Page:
Combine To Create Size or Growing From Small To Big?
Gan, Thian Han (2013) Combine To Create Size or Growing From Small To Big? [Dissertation (University of Nottingham only)]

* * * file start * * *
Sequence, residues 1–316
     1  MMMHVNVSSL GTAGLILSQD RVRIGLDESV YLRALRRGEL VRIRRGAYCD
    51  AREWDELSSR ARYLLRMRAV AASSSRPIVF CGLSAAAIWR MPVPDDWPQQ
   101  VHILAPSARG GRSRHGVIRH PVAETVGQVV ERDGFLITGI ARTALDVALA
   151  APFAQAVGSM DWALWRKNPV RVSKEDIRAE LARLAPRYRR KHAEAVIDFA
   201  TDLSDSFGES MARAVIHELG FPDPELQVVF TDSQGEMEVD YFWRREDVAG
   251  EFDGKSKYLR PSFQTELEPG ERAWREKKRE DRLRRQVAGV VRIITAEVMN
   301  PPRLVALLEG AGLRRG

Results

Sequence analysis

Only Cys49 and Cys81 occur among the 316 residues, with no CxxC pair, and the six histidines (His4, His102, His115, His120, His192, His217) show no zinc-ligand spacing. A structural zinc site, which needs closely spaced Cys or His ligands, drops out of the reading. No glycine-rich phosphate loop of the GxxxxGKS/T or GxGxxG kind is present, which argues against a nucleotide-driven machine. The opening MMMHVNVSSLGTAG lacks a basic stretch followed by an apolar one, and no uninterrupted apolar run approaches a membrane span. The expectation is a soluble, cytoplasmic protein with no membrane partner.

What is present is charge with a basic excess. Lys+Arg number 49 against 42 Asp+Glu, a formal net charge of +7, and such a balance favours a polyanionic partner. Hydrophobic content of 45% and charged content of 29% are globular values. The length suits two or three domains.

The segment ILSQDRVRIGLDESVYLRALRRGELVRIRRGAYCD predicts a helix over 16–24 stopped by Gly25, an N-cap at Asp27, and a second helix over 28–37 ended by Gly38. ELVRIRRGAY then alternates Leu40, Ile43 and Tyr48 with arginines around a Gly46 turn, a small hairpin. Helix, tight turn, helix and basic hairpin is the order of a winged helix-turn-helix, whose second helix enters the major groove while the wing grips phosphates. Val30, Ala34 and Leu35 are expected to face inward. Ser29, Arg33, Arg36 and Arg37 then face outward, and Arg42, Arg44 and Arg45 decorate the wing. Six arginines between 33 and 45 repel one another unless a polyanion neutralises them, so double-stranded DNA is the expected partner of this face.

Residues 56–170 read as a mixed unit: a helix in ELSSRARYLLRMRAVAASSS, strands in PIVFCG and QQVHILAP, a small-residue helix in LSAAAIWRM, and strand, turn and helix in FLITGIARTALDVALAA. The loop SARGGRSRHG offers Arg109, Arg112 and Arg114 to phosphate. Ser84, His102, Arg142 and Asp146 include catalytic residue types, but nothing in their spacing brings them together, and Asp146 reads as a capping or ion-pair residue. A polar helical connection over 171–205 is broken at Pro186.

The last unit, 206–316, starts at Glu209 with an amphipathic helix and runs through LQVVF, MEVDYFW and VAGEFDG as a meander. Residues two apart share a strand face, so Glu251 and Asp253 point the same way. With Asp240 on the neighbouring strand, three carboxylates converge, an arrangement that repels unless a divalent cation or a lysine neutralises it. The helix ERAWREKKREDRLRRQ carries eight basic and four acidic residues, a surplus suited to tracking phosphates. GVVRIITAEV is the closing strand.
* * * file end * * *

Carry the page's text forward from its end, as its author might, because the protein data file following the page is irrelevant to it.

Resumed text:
Many companies seek to acquire or merge to grow. Size has always been the underlying rationale for mergers and acquisitions (“M&A”) as the creation of larger entities will purportedly increase the capacity of the entities hence allowing them to take advantage of economies of scale and scope. Another reason for M&A is to create a “portfolio of core competences” by combining and exploiting the core competences of the two entities to create synergy and to enhance the competitive edge for the enlarged entity hence enabling it to compete/outplay its competitors. These benefits would eventually translate to value creation to the shareholders. This paper examines the validity of the above-mentioned propositions. The study is premised on the M&A of the banking sector in Malaysia. In this paper, an introduction of a conceptual framework to assess the extent of value creation in the post-acquisition performances of several banks that have completed merger exercises. The results indicate that the post-acquisition performances of the merged banks have not improved, as benefits associated with being big do not appear to materialise. Further, the creation of new core competences is not evident and in some cases, the old core competences are lost in the aftermath of the M&A. Overall, the findings do not appear to indicate that the enlarged entities ultimately create value for their shareholders.
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